Ross has reminded me that the Japan Communist Party’s decision not to field candidates in half, likely more, of the 300 single-seat seat Lower House elections are likely to have substantial consequences, in the DPJ’s favor. True, but it’s the magnitude that is so hard to guess at.
The JCP announced 138 candidates to contest single-seat races. That leaves 162 without a JCP candidate. Reports say that the JCP will be naming a small number of additional candidates later, but that’ll be it. A rough, sample scan of Hokkaido districts shows that the JCP typically reaps votes at somewhere in the 10,000s to the 30,000s per district. If the DPJ can capture a big chunk of those votes, that will make the difference in close and possibly even some not-so-close races. The question is, how likely is this to happen?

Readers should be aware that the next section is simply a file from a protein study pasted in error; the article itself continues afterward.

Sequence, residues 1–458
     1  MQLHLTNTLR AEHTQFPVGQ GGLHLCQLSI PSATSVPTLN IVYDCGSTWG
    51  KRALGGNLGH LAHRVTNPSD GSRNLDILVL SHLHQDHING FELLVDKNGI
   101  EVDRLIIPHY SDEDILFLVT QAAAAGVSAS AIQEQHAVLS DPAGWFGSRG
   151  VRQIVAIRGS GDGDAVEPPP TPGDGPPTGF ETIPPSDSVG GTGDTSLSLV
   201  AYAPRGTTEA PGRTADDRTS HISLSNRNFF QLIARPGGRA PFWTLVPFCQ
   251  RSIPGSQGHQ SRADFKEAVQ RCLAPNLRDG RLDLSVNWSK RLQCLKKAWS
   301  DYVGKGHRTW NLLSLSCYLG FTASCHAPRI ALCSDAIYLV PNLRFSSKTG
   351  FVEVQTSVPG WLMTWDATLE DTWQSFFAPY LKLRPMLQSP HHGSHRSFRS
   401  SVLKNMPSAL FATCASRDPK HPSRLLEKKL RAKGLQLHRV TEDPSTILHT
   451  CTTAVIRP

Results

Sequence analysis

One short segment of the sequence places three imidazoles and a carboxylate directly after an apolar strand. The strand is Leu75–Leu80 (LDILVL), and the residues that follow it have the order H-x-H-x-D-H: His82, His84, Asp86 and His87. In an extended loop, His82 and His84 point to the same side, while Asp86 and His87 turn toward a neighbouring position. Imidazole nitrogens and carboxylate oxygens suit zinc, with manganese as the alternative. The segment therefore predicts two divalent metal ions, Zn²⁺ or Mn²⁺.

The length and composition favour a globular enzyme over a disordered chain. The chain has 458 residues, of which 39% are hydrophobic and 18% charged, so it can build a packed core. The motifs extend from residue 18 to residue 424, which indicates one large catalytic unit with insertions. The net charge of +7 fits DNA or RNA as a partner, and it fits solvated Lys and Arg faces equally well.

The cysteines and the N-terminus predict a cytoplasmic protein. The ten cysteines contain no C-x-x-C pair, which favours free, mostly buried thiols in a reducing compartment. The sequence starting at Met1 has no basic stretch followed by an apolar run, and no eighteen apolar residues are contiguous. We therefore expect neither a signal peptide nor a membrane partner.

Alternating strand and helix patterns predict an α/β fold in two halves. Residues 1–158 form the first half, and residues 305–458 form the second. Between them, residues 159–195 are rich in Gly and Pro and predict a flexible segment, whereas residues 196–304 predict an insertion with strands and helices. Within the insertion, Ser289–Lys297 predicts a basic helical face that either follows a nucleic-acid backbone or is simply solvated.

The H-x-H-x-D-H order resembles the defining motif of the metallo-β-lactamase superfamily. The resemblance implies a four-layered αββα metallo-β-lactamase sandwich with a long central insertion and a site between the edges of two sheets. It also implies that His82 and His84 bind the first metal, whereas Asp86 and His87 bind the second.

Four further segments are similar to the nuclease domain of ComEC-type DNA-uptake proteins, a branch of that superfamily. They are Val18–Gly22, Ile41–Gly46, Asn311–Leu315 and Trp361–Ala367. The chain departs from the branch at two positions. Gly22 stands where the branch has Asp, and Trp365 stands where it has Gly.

For me, the difficulties in making a plausible guess at the actual impact are at least twofold. First, I do not have access to the kind of detailed polling data that enables me to understand how the JCP vote breaks down into hardcore socialist and plain-vanilla protesters against the status quo. The JCP vote fluctuates substantially from election to election—a swing of 10,000 votes or so between elections in a single-seat district is not unusual—so a detailed, district-by-district examination coupled with a more macro analysis may yield a clue here. Second, the DPJ has been taking a decidedly populist/politics-first turn under Mr. Ozawa. I have no idea how this much this works against it in wooing the protest vote. If I have to add a third, it is that I don’t yet know if the JCP will try to influence their supporters one way or the other. My guess is that it will stay neutral and its core supporters in the unrepresented districts will mostly abstain.